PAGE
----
Undaunted by whatever reputations he may already have bruised, and exhibiting skin as thick as a raw egg in a hangover remedy, this CG has met critique, however mild, with a torrent of public abuse in which he regularly proves, beyond a shadow of a doubt, the old saying that no lawyer uses 10 words where 100 will do.
I know. I once wrote (November 14, 2010; 'Calamity at Caymanas Track - OCG lured into unauthorised probe') what I thought was a critical analysis of his "investigation" of the Caymanas Track Limited (CTL) board led by Pat Rousseau. I opined then:
"CTL's demise began when a commercially oriented board of directors, headed by the Honourable Patrick Rousseau, OJ, was summarily dismissed based on an Office of the Contractor General's report that was comprehensively separated from reality. Worse, it involved matters that were none of the contractor general's business, according to his own procurement guidelines."
As always, because of my professional training, I set out all legal and factual authorities upon which my assertions were based. I quoted the procurement guidelines ignored by the OCG despite, to my personal knowledge, having been brought to the OCG's attention (at a meeting held at the OCG at which I was present as CTL's attorney) before its conclusions were published and while the OCG represented to CTL that investigations remained in progress.
At that same meeting, after the OCG's representative seemed taken aback by the reference to the new Procurement Guidelines, he suggested that the sole-source method of procurement, subject to National Contracts Commission (NCC) approval, might be the way out. Even this was legally unnecessary, since CTL wasn't awarding anybody any contract but was being awarded the right to take overseas racing signals by the sole licensed entity legally able to do so. But it seemed a sensible compromise and avoided public embarrassment of the OCG.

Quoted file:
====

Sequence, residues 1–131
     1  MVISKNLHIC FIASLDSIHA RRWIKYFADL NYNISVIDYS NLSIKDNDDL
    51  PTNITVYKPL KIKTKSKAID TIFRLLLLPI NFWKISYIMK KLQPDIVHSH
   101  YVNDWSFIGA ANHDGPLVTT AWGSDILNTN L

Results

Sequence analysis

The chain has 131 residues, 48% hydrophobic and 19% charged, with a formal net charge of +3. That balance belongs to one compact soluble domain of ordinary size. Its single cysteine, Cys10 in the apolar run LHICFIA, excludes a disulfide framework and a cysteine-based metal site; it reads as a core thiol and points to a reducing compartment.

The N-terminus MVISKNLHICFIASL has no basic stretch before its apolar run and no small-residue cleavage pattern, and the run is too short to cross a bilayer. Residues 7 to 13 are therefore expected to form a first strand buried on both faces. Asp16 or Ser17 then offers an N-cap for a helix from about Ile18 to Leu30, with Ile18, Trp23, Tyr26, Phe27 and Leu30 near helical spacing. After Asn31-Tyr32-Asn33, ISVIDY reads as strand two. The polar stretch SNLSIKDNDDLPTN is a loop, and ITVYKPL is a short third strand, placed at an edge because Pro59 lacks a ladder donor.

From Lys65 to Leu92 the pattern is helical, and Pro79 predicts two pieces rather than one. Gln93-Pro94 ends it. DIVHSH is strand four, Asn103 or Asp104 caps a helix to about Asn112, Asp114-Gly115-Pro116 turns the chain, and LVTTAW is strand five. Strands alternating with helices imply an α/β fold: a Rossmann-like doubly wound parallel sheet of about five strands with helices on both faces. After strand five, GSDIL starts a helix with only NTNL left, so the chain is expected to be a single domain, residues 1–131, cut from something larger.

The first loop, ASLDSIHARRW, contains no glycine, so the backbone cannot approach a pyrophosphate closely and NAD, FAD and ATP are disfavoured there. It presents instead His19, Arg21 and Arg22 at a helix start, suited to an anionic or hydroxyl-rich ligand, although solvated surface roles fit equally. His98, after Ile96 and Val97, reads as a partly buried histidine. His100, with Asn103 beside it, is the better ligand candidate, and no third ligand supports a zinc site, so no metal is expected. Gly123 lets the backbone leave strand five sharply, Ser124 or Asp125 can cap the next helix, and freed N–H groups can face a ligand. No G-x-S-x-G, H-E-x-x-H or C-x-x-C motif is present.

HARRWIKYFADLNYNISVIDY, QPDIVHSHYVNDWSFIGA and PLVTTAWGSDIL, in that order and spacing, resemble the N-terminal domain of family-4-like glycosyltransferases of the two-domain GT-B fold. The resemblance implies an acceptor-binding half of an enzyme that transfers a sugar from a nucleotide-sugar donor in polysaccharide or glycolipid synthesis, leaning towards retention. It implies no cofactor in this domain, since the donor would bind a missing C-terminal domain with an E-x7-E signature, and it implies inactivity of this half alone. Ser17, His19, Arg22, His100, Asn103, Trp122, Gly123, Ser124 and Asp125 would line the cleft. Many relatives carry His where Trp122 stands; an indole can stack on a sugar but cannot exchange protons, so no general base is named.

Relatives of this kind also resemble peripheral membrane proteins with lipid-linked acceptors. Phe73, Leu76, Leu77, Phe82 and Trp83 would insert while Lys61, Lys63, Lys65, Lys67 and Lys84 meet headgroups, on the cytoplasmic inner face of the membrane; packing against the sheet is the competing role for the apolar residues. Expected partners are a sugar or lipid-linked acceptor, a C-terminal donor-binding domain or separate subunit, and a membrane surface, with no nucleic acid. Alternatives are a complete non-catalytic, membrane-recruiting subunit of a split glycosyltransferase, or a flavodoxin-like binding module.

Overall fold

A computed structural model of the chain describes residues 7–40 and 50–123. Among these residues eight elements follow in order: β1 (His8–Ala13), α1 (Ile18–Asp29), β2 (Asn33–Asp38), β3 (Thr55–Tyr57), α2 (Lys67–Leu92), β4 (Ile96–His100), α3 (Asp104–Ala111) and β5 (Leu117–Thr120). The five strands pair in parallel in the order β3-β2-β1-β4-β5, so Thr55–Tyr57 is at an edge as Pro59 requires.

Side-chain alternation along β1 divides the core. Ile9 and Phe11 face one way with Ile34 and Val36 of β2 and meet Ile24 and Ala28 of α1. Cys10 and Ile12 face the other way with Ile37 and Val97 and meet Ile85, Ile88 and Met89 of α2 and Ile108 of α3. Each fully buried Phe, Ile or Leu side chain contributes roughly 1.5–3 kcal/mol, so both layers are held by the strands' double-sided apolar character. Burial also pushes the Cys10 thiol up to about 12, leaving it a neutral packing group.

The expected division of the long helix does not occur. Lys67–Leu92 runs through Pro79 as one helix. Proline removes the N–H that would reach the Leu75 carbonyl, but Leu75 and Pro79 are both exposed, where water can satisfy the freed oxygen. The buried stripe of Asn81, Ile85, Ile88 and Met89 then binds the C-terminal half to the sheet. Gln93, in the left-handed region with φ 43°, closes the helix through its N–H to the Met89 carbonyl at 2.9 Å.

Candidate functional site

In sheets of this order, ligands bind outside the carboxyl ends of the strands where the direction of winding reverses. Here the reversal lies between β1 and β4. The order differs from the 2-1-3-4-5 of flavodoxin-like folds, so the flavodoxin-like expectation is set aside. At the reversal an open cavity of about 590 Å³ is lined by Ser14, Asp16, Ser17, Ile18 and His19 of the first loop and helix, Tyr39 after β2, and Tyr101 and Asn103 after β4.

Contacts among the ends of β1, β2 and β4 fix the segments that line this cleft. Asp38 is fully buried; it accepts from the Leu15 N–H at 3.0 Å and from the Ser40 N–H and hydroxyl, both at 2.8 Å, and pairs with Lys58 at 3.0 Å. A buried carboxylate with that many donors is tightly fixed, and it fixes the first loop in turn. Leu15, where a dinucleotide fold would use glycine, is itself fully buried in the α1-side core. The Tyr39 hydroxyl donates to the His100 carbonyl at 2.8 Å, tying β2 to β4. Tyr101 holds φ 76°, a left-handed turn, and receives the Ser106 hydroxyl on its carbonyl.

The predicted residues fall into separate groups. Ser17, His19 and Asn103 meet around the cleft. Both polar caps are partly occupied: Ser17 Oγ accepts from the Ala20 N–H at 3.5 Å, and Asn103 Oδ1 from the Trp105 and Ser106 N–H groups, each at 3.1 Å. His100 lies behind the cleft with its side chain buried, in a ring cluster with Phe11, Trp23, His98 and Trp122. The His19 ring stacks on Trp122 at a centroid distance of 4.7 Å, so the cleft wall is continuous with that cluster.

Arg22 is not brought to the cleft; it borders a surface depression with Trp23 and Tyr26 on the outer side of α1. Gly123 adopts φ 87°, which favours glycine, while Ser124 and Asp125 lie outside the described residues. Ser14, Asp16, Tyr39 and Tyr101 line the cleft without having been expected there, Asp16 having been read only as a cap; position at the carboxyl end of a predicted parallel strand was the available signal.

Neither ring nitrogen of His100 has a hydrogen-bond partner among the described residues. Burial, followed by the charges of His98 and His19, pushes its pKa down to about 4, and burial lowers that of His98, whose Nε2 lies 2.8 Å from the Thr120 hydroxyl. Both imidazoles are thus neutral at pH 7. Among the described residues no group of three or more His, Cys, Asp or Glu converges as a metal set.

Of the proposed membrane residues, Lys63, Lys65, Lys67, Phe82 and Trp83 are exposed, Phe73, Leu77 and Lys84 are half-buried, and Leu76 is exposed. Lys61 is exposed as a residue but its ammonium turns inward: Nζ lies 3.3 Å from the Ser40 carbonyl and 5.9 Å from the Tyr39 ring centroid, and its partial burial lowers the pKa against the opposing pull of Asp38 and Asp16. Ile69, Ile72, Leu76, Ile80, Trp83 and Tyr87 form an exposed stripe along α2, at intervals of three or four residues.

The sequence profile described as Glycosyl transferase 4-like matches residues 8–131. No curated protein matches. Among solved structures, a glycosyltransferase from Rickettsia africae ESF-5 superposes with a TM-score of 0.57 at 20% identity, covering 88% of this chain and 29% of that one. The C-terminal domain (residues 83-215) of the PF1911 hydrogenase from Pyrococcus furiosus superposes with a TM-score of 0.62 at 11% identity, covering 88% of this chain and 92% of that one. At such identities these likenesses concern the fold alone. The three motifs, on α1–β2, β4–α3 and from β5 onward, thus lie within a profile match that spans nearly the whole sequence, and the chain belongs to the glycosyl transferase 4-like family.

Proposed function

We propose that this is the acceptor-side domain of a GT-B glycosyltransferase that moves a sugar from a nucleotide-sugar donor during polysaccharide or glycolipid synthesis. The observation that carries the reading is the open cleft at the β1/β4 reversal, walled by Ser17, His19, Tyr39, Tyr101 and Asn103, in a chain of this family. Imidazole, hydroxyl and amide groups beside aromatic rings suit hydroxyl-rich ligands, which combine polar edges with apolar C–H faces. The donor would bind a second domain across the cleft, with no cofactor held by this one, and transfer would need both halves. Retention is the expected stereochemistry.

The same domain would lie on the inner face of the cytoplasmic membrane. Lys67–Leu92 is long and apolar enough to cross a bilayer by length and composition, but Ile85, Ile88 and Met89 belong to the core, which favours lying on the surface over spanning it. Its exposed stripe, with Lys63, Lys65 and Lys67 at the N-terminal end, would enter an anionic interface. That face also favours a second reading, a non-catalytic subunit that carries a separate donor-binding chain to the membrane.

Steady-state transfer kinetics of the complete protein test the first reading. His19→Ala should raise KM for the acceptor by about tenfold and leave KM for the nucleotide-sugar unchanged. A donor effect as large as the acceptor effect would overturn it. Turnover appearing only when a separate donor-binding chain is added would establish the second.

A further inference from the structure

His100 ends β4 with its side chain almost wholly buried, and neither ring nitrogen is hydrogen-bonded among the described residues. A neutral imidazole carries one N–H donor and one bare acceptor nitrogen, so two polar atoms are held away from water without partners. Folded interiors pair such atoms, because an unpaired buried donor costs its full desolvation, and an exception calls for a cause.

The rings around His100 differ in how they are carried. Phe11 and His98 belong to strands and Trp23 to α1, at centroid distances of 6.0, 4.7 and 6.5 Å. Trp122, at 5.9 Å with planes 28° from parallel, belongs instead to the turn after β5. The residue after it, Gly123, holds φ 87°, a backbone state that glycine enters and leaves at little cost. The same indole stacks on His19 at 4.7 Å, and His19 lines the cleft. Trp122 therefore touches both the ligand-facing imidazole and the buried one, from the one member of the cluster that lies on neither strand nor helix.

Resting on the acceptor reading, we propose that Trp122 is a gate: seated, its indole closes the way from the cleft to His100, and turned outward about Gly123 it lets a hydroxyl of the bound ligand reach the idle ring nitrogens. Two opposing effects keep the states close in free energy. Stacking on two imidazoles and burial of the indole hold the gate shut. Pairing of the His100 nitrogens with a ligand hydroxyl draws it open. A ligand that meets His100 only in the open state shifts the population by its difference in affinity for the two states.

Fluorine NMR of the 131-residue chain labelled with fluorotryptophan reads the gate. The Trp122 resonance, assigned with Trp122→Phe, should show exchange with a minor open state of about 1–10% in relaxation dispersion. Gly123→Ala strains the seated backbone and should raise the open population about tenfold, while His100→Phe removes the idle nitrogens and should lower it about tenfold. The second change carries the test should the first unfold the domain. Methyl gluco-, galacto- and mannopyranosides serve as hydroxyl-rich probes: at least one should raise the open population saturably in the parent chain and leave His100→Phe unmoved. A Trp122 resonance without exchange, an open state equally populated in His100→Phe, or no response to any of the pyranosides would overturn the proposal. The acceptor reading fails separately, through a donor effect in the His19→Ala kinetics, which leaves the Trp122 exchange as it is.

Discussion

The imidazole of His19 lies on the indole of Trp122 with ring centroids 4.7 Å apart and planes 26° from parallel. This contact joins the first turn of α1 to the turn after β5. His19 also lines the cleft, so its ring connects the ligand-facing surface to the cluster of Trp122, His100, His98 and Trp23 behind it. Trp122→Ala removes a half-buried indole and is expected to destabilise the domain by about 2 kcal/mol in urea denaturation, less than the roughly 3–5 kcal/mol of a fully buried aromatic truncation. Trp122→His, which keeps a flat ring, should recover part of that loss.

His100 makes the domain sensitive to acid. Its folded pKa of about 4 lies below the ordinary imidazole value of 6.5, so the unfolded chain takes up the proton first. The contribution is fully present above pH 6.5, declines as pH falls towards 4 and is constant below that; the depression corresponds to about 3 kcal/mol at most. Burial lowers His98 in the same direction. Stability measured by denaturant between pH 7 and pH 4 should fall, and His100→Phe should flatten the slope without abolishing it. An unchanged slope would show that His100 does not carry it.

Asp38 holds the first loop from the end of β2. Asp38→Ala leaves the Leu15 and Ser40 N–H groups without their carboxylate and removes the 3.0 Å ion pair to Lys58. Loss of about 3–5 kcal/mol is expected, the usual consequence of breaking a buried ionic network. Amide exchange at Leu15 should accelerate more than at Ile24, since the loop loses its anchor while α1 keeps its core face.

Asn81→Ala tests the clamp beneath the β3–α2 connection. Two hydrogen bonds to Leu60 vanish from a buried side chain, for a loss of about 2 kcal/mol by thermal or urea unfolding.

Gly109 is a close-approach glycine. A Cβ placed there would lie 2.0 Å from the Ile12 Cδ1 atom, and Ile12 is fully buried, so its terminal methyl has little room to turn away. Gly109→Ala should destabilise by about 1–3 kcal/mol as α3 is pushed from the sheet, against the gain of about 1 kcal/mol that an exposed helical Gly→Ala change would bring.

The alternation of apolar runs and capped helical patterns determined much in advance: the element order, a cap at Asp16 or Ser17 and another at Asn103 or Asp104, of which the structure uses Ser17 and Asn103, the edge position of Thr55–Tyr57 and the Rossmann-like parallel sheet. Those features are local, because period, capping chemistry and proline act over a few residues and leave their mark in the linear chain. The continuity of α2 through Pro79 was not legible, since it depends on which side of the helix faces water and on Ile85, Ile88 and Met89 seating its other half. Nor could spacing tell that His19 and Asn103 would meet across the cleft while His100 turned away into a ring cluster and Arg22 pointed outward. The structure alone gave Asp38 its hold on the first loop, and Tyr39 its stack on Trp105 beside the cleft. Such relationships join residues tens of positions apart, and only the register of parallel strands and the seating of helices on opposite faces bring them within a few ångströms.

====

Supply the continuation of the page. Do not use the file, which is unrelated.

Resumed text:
But, on January 22, 2009, before this could be accomplished, the report was sent to the portfolio minister and its findings published on the same day with much hype, hoopla and fanfare. Rousseau and most of his board were hurriedly dismissed and the first substantial act by the new board was to sign the exact same contract for which Rousseau was crucified, having obtained sole-source procurement approval from the NCC.
still no action
Despite the 'referral' of that flawed OCG report to the DPP, the attorney general, auditor general, police commissioner, and Corruption Prevention Commission, none of these institutions has taken any adverse action against Rousseau or any member of that ill-fated CTL board.
To borrow from the great Paul Keens-Douglas, 'Who tell me dare criticise this particular public official?' In his response (five pages; more than 2,000 words), he called me "unethical" and "disingenuous". He referred to my column as "the most recent and very suspicious manifestation of this unfortunate and contemptible practice [to publicly convey forthright but yet intrinsically flawed and uninformed positions about the investigation reports of the OCG]". He accused me of wanting to "sanitise Mr Rousseau" and having a hidden agenda "of which the OCG is well aware and which will soon be publicly revealed".
Well, two years later, I'm still waiting for the OCG to reveal my alleged hidden agenda. Incidentally, it's not "unethical" or a hidden agenda to publicly comment on cases in which one was formerly (or currently) involved as attorney. Being CTL's lawyer in the matter doesn't create any ethical bar. As a professional, my interest is to be paid in exchange for work done which ended more than a year before I wrote my column. The time difference was because of my personal policy (it's not a rule) of not commenting publicly on my cases while they're current.